• Headbanging is violently shaking one's head in time with music, most commonly in the rock, punk, and heavy metal music genres. (wikipedia.org)
  • vaccine
  • However, a great number of babies now die within days or within two to four weeks of birth after hepatitis B vaccination, as documented by the records of the VAERS [ Vaccine Adverse Event Reporting System ] in the USA. (bibliotecapleyades.net)
  • It has also been criticised for harassing the parents of a victim of vaccine-preventable disease, and for promoting the false idea that shaken baby syndrome is actually vaccine injury. (wikipedia.org)
  • Definition
  • 4 Having reviewed the evidence base for the belief that perimacular folds with retinal haemorrhages are diagnostic of shaking, Lantz et al were able to find only two flawed case-control studies, much of the published work displaying "an absence of… precise and reproducible case definition, and interpretations or conclusions that overstep the data. (bmj.com)
  • Less than 10% of babies who would meet the definition of colic based on the amount they cry have an identifiable underlying disease. (wikipedia.org)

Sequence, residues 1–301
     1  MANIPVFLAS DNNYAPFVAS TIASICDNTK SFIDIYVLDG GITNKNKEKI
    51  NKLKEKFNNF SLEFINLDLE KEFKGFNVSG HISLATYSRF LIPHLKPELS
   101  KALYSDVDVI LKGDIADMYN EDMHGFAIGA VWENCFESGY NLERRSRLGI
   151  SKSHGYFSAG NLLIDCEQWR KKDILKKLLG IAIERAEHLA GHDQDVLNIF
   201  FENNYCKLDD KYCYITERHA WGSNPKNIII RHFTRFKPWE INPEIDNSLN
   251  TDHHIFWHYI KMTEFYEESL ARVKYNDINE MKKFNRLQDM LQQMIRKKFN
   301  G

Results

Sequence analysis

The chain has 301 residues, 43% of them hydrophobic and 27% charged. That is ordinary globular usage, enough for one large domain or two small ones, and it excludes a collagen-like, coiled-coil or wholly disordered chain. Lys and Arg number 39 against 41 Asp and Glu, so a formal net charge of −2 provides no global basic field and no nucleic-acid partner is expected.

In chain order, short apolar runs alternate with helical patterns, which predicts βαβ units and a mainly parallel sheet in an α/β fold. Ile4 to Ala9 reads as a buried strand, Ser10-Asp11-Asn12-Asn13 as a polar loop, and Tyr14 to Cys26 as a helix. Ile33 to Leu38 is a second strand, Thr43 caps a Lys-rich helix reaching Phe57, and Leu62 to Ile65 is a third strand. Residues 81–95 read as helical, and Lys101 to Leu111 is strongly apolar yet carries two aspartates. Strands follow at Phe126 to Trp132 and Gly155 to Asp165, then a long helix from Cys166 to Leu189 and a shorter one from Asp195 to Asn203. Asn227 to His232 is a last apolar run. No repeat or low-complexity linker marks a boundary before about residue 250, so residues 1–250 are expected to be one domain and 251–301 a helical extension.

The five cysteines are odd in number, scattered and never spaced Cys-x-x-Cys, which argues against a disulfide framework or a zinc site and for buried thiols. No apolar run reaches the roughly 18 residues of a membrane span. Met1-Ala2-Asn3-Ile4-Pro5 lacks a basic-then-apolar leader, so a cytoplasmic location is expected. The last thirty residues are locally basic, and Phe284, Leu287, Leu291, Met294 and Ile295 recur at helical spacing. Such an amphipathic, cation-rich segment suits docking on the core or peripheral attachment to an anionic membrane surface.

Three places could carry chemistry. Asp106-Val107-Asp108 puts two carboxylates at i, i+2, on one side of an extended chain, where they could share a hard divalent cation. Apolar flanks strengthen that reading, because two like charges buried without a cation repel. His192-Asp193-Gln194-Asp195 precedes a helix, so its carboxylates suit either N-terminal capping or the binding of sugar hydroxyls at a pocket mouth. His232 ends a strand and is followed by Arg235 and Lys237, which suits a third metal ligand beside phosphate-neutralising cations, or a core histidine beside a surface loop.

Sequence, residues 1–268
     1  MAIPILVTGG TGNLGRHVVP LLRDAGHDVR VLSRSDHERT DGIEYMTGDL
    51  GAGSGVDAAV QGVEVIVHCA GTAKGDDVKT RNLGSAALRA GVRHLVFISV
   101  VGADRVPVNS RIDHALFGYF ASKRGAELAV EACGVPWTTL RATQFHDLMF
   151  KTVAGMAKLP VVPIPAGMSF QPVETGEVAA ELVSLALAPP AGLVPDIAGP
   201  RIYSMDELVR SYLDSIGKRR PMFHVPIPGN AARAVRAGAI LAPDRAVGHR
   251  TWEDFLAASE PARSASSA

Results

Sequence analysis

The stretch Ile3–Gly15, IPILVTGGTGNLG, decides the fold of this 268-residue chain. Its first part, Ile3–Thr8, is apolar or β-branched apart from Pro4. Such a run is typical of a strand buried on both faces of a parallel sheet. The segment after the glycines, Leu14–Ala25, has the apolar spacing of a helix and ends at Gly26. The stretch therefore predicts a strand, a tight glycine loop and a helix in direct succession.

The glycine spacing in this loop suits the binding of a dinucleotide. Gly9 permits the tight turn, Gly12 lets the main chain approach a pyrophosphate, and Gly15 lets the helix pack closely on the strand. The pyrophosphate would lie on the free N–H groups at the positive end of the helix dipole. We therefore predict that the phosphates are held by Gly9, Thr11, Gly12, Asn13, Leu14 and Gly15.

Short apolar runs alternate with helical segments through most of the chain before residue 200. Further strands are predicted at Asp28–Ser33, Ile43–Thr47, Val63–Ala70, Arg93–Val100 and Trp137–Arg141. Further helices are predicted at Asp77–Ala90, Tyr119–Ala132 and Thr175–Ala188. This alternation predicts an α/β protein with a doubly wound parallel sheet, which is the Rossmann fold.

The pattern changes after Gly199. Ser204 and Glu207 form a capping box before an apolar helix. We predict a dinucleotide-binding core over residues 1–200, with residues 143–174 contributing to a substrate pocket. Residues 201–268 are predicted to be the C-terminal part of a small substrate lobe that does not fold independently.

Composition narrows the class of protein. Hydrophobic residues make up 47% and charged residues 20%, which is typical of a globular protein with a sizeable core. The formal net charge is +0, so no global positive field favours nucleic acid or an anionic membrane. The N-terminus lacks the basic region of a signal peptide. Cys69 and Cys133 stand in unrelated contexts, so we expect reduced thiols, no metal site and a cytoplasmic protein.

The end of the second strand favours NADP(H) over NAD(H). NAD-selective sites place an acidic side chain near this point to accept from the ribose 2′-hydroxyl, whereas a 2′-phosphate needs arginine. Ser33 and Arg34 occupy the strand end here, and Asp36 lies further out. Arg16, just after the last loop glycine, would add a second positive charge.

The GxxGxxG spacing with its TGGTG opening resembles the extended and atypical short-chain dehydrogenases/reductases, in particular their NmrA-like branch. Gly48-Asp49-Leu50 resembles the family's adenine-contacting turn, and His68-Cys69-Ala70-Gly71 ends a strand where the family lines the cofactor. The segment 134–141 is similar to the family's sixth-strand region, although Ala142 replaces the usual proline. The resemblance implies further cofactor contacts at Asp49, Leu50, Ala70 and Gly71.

• injury
  • w1 The website of the American Academy of Ophthalmology states that if the retinal haemorrhages have specific characteristics "shaking injury can be diagnosed with confidence regardless of other circumstances. (bmj.com)
  • children
  • Parents like Erin Whitmer , whose son's babysitter was convicted of shaking him when he was a baby, have lived with the guilt that comes from putting their children in harm's way. (cafemom.com)
  • Food for young children, including formula and baby food can contain pathogens that can make the child very ill and even die. (wikipedia.org)
  • In 2009 he began reviewing cases in which people have been charged with injuring children by shaking. (wikipedia.org)
  • abuse
  • An eye examination by a trained examiner is part of an overall evaluation of a baby when abuse is suspected. (aapos.org)
  • year
  • It may happen to children up to 5 years of age, but it is most common in babies younger than 1 year old. (nkch.org)
  • injuries